You shouldn’t put the shield on your CPU over the heatsink that came with it. The shield should be kept somewhere safe in case you need it again.

How to put in a 2.5-inch SATA SSD

Let’s put in a 2.5-inch SATA SSD next. This process depends a lot more on the PC case you use and where you want to put it, so there are a lot of different options.

We won’t give you a real step-by-step guide, but we will talk about the basics that will work for any system. I’ll say it again: I’m assuming you already have a drive. If not, check out our list of the best SSDs.

Putting the drive in a drive cage or attaching it to the case itself are the two most popular ways to put the drive in a PC. Most drive cages have a way to connect the drive to the tray, which then slides into the cage.

Screwing the drive to the metal or putting the drive in a tray first and then attaching it are both ways to mount it to the case. No matter what, make sure you have enough wire length to safely run the cables inside the case.

Installing a 2.5-inch SATA SSD: Required cables

If you want to add a 2.5-inch SATA SSD, you will always need two things: a SATA data cable and a SATA power cable. A SATA data cable is built into most motherboards and is used to send data from the drive to the computer. Look for a long, thin, flat wire that might have an L-shaped plug on the end.

The SATA power cable, which gives the drive power, will come with the power source. It normally has more than one connector.

Putting in a 2.5-inch SATA SSD: Connecting the cables

You will need to always have both wires connected and locked to the SSD in order to use it. It might be easier to plug in the cables before you place the drive, depending on where you put it in the case.

It is easy to connect both cords. Just find the end of the drive with the connections and note that there are two of them. The communication cable goes into the shorter port, and the power cable goes into the longer port. If you look closely, you can see that each port is marked with a small notch that shows which way the wire should go in.

There is only one way to put the cables in, so make sure they are lined up and push them in tightly. The interface cable has a simple locking system that makes a quiet click sound when it is entered. It’s important to press the power wire all the way in to make sure it stays in place.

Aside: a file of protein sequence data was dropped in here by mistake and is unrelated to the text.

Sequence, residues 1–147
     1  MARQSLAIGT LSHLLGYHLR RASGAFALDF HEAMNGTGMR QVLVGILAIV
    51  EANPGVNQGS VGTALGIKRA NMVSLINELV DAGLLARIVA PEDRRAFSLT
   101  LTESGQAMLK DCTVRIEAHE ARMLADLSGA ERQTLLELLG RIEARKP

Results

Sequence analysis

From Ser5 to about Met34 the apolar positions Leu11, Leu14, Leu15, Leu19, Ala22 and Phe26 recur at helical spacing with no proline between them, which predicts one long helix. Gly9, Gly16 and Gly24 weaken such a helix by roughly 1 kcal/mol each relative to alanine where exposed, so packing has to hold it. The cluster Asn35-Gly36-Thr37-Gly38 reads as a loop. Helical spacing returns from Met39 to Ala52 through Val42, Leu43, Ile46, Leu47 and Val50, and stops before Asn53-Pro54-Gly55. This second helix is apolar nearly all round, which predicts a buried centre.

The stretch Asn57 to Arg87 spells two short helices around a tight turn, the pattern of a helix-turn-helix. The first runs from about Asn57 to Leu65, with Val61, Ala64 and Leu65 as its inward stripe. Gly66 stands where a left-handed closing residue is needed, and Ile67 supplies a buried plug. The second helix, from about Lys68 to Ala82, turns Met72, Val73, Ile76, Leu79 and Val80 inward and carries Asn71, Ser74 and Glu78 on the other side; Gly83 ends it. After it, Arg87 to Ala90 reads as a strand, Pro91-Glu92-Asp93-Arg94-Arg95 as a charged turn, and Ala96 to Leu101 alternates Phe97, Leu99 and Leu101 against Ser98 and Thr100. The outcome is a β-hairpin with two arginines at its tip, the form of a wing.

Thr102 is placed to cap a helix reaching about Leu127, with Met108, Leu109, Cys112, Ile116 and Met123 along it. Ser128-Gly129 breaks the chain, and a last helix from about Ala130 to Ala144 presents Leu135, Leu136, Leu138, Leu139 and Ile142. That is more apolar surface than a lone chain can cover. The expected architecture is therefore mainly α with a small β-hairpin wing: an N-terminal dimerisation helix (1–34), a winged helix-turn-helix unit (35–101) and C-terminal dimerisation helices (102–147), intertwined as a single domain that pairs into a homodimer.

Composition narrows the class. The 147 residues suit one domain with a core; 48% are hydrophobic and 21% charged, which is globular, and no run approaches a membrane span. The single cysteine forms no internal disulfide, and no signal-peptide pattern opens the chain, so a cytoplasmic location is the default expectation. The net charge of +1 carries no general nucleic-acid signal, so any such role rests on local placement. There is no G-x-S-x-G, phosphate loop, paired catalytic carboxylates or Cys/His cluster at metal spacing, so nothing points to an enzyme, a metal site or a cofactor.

Connecting the 2.5-inch SATA SSD to the motherboard

After that, you’ll need to connect the wire to the motherboard. Most likely, you’ll have more than one port to pick from, so now is another time to look at your manual.

Find the text that talks about the SATA ports on your hardware. You should connect to the SATA 6Gbps ports to get the most out of your SSD, but the slower 3Gbps ports will also work.

In this picture, you can see that this motherboard has six SATA 6G ports, which are arranged in three sets of two ports each. Of course, you’ll want to use the ports in the order they’re listed, so if the list starts at 1, pick that one and find the port on the computer that goes with it.

The speed should be the same on any PC that is even slightly new, but on an older PC, the first port is usually the fastest. It can be hard to tell which number is which when the ports are stacked like this, so just take your time and look closely. If you push this wire in far enough, you will hear a soft click that lets you know it is securely in place.

Putting in a 2.5-inch SATA SSD: The last few words

Some SATA data ports have plugs that are shaped like the letter L, as shown below.

You can use the L-shaped plug when you need to be discreet so the wire doesn’t get caught on something. The L-shaped wires and the straight cables both work the same way.

Most likely, the SATA power cord will have more than one port on it. This lets you connect more than one drive or other device to the same wire.

Which plug you use will depend on how long the cord needs to be in order to plug in the drive and whether it needs to reach other ports as well. There is no difference between the plugs in how they work.

Here’s a Windows 10 tip at last! At the time of installing Windows, you might not know which drive is which if you are putting both an M.2 and a SATA SSD.

You can get around that by unplugging the SATA SSD while you install Windows. This way, you can only use the faster NVMe SSD to install Windows. Once everything is working, connect the SATA drive again, reset it, and you’re all set.